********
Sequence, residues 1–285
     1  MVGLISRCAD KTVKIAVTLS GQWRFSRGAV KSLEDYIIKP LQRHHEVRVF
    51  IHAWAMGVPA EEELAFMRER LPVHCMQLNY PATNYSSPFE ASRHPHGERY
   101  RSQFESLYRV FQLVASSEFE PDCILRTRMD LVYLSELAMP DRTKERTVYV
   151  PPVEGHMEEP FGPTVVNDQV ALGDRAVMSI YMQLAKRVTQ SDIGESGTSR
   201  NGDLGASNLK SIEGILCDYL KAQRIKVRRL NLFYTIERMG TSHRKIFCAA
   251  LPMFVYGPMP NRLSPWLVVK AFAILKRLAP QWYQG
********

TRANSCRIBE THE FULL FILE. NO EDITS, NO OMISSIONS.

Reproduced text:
Sequence, residues 1–285
     1  MVGLISRCAD KTVKIAVTLS GQWRFSRGAV KSLEDYIIKP LQRHHEVRVF
    51  IHAWAMGVPA EEELAFMRER LPVHCMQLNY PATNYSSPFE ASRHPHGERY
   101  RSQFESLYRV FQLVASSEFE PDCILRTRMD LVYLSELAMP DRTKERTVYV
   151  PPVEGHMEEP FGPTVVNDQV ALGDRAVMSI YMQLAKRVTQ SDIGESGTSR
   201  NGDLGASNLK SIEGILCDYL KAQRIKVRRL NLFYTIERMG TSHRKIFCAA
   251  LPMFVYGPMP NRLSPWLVVK AFAILKRLAP QWYQG